Presenters like Barack Obama are a prime example of a genuine and passionate speaker:

      7. Post speech evaluation

      Last but not the least, if you’ve done public speaking and have been scarred from a bad experience, try seeing it as a lesson learned to improve yourself as a speaker.

      Don’t beat yourself up after a presentation

      We are the hardest on ourselves and it’s good to be. But when you finish delivering your speech or presentation, give yourself some recognition and a pat on the back.

      You managed to finish whatever you had to do and did not give up. You did not let your fears and insecurities get to you. Take a little more pride in your work and believe in yourself.

      Improve your next speech

      As mentioned before, practice does make perfect. If you want to improve your public speaking skills, try asking someone to film you during a speech or presentation. Afterwards, watch and observe what you can do to improve yourself next time.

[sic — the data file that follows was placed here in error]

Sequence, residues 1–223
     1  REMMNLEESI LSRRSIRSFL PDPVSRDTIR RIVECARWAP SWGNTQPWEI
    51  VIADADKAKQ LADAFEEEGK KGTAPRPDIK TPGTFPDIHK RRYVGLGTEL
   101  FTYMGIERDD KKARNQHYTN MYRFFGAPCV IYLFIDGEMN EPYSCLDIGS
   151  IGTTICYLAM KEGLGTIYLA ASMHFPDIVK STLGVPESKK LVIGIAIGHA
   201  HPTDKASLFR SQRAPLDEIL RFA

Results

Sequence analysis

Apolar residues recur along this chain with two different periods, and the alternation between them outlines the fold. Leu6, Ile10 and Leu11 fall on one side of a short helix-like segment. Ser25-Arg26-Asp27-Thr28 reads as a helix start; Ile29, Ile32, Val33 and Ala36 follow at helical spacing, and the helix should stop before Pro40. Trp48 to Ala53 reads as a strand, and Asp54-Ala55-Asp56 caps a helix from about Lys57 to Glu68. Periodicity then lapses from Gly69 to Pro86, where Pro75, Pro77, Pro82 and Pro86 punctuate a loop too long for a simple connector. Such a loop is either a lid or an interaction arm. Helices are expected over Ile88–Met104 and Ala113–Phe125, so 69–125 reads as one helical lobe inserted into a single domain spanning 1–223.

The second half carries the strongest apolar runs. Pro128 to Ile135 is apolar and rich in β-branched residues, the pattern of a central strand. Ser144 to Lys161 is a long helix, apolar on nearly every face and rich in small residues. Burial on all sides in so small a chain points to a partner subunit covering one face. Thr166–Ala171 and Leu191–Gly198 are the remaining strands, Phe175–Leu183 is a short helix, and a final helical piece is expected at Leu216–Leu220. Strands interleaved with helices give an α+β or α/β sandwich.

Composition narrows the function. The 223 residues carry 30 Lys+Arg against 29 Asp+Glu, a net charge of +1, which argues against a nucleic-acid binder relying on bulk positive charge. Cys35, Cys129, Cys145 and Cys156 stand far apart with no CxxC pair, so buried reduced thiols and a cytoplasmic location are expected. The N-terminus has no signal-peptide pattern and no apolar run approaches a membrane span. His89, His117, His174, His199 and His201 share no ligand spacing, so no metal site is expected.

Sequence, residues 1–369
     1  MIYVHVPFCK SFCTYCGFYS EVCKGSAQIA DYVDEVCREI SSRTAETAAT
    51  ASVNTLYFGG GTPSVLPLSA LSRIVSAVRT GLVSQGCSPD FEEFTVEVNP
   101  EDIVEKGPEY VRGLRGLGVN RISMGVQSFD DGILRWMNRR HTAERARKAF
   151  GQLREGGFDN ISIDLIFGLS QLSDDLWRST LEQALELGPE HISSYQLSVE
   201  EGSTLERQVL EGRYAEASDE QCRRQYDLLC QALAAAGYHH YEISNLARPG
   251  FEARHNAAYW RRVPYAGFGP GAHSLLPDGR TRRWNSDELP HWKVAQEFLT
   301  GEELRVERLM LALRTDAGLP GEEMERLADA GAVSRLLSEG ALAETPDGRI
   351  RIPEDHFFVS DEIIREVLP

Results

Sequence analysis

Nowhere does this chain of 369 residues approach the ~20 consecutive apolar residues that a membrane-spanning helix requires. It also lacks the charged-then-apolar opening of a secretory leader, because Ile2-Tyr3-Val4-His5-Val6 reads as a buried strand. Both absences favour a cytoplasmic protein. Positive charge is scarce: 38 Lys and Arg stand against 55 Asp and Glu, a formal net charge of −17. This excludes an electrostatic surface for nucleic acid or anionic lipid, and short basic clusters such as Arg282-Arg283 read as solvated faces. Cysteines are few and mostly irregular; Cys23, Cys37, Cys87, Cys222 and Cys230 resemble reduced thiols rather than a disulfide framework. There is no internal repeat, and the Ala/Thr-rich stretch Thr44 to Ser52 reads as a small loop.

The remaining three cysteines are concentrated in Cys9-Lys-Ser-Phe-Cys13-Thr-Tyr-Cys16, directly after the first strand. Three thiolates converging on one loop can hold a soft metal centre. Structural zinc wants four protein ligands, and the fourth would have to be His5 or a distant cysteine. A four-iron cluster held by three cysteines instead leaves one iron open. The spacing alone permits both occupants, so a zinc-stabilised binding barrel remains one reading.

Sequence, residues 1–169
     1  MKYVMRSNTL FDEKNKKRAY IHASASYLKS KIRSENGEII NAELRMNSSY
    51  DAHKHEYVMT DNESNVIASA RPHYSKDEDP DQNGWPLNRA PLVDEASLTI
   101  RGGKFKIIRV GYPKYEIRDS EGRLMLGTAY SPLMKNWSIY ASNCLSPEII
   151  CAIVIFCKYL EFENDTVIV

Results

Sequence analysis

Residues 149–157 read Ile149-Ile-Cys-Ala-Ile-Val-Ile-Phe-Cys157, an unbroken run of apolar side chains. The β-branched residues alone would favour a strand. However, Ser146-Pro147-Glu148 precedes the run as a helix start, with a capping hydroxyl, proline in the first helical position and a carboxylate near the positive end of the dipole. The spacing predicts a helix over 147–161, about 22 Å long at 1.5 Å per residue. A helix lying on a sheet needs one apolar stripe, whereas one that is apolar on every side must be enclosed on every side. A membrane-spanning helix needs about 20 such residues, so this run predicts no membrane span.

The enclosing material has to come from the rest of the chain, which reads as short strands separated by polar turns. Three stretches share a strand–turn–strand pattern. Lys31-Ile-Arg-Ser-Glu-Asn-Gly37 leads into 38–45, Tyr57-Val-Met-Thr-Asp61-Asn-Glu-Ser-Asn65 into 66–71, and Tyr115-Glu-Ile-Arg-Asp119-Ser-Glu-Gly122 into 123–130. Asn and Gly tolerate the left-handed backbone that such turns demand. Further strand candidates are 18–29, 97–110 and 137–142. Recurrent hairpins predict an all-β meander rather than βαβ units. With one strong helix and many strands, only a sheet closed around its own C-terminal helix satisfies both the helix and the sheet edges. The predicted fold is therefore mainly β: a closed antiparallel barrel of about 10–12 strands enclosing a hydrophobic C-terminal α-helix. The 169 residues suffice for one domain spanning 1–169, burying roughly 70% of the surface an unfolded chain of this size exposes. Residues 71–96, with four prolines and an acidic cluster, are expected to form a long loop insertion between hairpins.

Here are some questions you can ask yourself after every speech:

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      • How did I do?
      • Are there any areas for improvement?
      • Did I sound or look stressed?
      • Did I stumble on my words? Why?
      • Was I saying “um” too often?
      • How was the flow of the speech?

      Write everything you observed down and keep practicing and improving. In time, you’ll be able to better manage your fears of public speaking and appear more confident when it counts.

      If you want even more tips about public speaking or delivering a great presentation, check out these articles too:

      Reference